Call for papers

Contributions will be selected from extended abstracts in English of 750 to 1000 words, or full-paper proposals of up to 7500 words. The submission deadline is June 12th, 2016. Abstract must be sent, together with a CV, and a letter of recommendation from a supervisor, to .

Applications not including all of the required documents – abstract or full paper in English, application form, CV, and a letter of recommendation – will not be taken into consideration. Participants are expected to make their own travel arrangements and pay their travel costs. The registration fee is 150€. Registration fees include accommodation (6 nights, check-in September 4th, check-out September 10th), materials, daily breakfast and lunch and participation to the leisure program.

By the end of-June 2016, the Scientific Committee will inform all the applicants about the outcome of the selection process.


Deadline for abstract submissions: June 12th, 2016.

Abstracts must be sent to Richard Arena and Muriel Dal Pont at :

Summer School Topic

“Radical changes and transitions: economics and its relations with other disciplines"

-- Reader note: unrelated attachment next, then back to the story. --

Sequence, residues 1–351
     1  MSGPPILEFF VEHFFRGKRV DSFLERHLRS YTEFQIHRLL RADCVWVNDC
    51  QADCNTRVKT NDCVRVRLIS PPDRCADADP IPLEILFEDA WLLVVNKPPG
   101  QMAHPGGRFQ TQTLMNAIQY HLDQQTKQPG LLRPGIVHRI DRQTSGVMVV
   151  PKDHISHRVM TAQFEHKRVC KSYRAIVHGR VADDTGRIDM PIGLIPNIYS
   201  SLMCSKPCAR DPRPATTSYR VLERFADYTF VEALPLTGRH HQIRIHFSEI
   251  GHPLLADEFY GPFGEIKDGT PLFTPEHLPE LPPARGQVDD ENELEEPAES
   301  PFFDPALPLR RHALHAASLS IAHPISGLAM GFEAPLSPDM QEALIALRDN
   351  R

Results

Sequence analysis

History of economic thought tells us how and why, since the end of the XIXth century, economists are confronted to permanent difficulties when they try to understand and explain economic change. The analytical influence of the general equilibrium theory research program the origin of which is attributed to Léon Walras and Vilfredo Pareto was not only substantial in the realm of the theory of the formation of prices but also and more indirectly in the field of economic dynamics. In this latter field, theoreticians created three sets of tools which they tried to make compatible with what they identified to the legacy of the Lausanne School. Thus since Frisch’s contribution and later, business cycle theory has been considered as an approach which tried to interpret economic fluctuations to transitory deviances from a regular growth path disturbed by stochastic shocks. Economic growth theory has been based on the assumed existence of a long run growth path and to-day even economists who are presently investigating structural dynamics phenomena are doing it in a Solovian perspective. Very often at last, the theory of economic development was in line with usual economic dynamics, just adding to its social and institutional change, as it is the case to-day with Acemoglu’s contribution to macrodynamics. If the trilogy of tools provided by traditional economics was very useful to permit us to understand some aspects of economic change, it did not allow however to understand and explain major economic changes affecting suddenly and even brutally all or a part of the economic global structures, whether they concern the organization of production, whether they are related to the types of utilized technologies or whether they fall within the monetary and/or financial organization of the economy. This was the main reason why we decided to dedicate a specific session of our School ‘History of Economic Thought, Economic Philosophy and Economic History‘ to the theoretical approaches which to-day as yesterday within the field of history of economic thought tried to provide a all-embracing type of explanation ready if necessary to modify the border of economics as such. We may take as examples historical, economic and social of phenomena such as the Industrial Revolution; the emergence, extension, reinforcement and decline of the Welfare State; the Great Crisis, or to-day the so-called Digital Revolution or the economic effects of climatic change. The approaches we will consider are characterized by a critical investigation of the tripartite division of economic dynamics we referred to but also by their ability to relate the observed and analyzed economic changes to the evolution of the methods and history of economic analysis. Thus, these changes also very often imply a redefinition of the borders of economic analysis as such, a reconsideration of its foundations and new reflections on inter-disciplinarity. Borders between economics and close social sciences have often been redrafted within this context. Changes which affect the productive, technological, monetary or financial organization of an economy exclude the possibility of existence of a conception of economic analysis as a self-contained or closed system. They necessarily imply the introduction of new relations between with disciplines such as sociology, social psychology, political science, law or some other fields which do not belong to the set of social sciences. The annual 2016 session of the School ‘History of Economic Thought, Economic Philosophy and Economic History‘ will therefore be partly devoted to some conferences which will introduce and emphasize this different approach to economic change and of its consequences it generated on the evolution of the contents and objectives of economic theory. Obviously, as it has always be the case for the different past sessions of the previous years of the School, it will also allow PHD students to benefit from specific sessions dedicated to the presentation, the assessment and a discussion of the present state of their work; and also tutoring exchanges with the various conferenced speakers and the members of the Scientific Board of the School.

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